ALBANY -- City Manager Alfred Lott says that he will use a consultant to help find the city's next downtown manager before using city resources to cull down the list and perform background checks.
In August, Lott and the City Commission discussed searching for a replacement for former Downtown Manager Don Buie, who had recently been fired and was under investigation by the GBI.
At issue was Lott's use of Slavin Management, a corporate headhunting firm, who presented Buie as a candidate but failed to discover he had a previous federal bank fraud conviction.
After discussing the issue at both a work session and its August business meeting, the commission voted 4-3 to give Lott the go ahead to recruit a downtown manager "when practicable" without using an outside consultant.
According to the official minutes, the motion offered by Commissioner Tommie Postell to "authorize the city manager to recruit for the position of Downtown Manager when practicable without using outside consultants," was passed 4-3, with Commissioners Morris Gurr and Roger Marietta joining Mayor Willie Adams in voting no.
Lott says that conducting a search in-house for a position with such a specific skill set simply isn't practical.
"Right now, given all of the issues associated with the former downtown manager we are a difficult sell," Lott said. "So if I'm responsible for who comes in, and I believe that's true, the practical thing to do is to use a recruiter to sell Albany to the top candidates and get the best person possible."
Lott told commissioners during their retreat Monday that his plan is to use the Mercer Group to get a candidate pool before using city resources to whittle the list down and perform rigorous background checks.
Mercer is in the process of developing a contract with the city to perform the search. A request for proposal on file with the city shows that Mercer quoted the city a rate of $14,000 for its recruitment package, plus out-of-pocket expenses not to exceed $9,500.
Commissioner Bob Langstaff said he remembers the discussion and believes that the key issue was just moving past Slavin.
"I would have to echo Al's comments on the matter. I just don't think you can find someone with the experience that we need without getting help," Langstaff said.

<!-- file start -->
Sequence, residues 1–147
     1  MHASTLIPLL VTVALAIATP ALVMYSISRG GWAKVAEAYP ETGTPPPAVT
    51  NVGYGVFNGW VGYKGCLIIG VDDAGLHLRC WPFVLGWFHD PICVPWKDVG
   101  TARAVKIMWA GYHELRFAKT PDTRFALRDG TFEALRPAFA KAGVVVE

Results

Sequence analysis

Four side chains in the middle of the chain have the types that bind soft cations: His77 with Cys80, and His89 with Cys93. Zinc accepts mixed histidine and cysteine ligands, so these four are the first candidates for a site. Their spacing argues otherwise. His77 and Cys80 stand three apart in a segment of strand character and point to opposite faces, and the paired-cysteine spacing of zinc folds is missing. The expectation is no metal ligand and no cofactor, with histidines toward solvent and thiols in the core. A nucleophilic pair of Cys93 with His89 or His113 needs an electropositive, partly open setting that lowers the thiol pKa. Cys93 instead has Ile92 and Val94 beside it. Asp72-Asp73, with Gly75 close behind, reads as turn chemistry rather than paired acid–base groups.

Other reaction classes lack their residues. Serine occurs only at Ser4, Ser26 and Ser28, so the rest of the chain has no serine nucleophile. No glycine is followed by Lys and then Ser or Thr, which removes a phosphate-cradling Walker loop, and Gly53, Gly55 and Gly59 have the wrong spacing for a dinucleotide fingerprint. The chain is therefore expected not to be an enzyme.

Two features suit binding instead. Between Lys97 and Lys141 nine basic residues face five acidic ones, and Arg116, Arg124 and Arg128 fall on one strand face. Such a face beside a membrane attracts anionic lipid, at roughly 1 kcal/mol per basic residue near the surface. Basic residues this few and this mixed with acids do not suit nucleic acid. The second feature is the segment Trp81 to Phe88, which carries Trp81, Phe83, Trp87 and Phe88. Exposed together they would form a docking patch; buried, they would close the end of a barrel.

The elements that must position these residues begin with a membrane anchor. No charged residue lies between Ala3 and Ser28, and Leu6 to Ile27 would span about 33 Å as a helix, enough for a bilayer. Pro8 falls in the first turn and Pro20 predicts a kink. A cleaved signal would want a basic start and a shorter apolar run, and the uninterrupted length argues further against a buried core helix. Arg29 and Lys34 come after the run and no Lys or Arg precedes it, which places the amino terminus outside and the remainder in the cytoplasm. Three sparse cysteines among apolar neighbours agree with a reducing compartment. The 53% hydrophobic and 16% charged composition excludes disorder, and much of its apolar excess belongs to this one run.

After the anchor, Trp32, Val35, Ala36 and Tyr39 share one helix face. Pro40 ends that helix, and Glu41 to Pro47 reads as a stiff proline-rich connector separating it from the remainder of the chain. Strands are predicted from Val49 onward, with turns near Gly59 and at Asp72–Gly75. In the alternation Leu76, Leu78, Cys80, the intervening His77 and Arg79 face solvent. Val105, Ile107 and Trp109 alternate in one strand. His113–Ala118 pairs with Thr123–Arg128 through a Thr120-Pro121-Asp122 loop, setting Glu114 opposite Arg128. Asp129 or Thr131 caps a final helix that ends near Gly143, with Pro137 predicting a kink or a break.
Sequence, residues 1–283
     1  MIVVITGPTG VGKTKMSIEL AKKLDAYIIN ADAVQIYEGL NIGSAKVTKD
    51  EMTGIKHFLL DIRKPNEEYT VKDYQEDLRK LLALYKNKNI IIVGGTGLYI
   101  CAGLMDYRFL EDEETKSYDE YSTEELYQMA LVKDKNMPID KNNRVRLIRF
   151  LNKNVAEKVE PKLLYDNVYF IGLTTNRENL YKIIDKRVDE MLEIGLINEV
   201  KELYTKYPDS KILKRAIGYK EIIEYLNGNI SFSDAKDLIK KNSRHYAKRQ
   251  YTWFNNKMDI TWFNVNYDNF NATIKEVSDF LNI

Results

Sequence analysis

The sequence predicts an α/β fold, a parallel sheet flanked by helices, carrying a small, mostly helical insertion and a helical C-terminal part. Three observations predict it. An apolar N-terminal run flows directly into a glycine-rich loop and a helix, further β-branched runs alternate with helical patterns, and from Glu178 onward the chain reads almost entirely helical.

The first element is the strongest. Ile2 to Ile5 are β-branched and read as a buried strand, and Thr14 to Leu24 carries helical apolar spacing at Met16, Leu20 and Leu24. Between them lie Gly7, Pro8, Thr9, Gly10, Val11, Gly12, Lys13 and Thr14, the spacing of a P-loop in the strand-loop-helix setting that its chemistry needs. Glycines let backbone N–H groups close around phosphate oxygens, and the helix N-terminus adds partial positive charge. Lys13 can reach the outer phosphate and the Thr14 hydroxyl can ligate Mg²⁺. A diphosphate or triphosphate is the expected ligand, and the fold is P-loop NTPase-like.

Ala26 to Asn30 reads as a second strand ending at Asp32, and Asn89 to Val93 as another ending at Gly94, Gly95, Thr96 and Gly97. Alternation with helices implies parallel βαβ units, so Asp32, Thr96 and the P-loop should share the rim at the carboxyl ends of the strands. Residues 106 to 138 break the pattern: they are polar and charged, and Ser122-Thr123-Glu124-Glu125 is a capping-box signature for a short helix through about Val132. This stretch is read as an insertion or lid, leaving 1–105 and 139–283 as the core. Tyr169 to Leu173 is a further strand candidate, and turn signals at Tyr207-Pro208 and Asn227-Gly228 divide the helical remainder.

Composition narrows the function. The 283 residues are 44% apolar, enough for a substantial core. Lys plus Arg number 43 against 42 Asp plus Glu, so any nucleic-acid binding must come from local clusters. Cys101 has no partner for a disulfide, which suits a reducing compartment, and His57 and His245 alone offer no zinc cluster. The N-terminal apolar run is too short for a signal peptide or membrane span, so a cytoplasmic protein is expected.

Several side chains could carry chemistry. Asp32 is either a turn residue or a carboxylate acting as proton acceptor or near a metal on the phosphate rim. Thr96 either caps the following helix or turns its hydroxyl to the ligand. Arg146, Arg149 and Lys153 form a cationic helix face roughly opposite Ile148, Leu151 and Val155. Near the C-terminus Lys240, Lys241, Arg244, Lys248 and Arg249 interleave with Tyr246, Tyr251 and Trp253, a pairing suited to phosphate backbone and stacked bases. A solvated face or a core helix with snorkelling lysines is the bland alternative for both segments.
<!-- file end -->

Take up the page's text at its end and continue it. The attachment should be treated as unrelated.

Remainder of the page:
According to Mercer's Web site, it is an independent management consulting firm that provides services to federal, state and local governments and private-sector clients.
Mercer currently has 22 active searches listed on its Web site ranging from city managers and administrators to police chiefs and planning and community development directors.
Mercer has filled positions across the country including the chief executive officer position for Macon, a utilities director for Valdosta and the city manager for Tifton.
The City of Albany's downtown manager position is listed as "coming soon."
There is some confusion among board members who feel as though their direction was to keep the search in-house.
Commissioner Dorothy Hubbard, who asked Lott about the matter at the retreat, said that she would have to take a look at the minutes before commenting on the matter.
Even if using a headhunter conflicted with the wishes of the board, the city's charter gives the city manager complete authority over who is hired or fired, rendering it moot unless commissioners choose to amend the charter. The charter also allows Lott to spend up to $40,000 without direct approval of the city commission.
The check on that authority, of course, is that the board hires and fires the city manager.
Albany Mayor Willie Adams said that he was content with Lott's actions in moving the process forward and believes that now is the time to put someone in place.
"I'm pleased with what he (Lott) says he's planning to do," Adams said. "We never intended for Col. (Jim) Taylor to be in that position forever. We put him there to clean up the situation and, now that they're doing pretty good, we need him back doing his full-time job and for someone else to take over."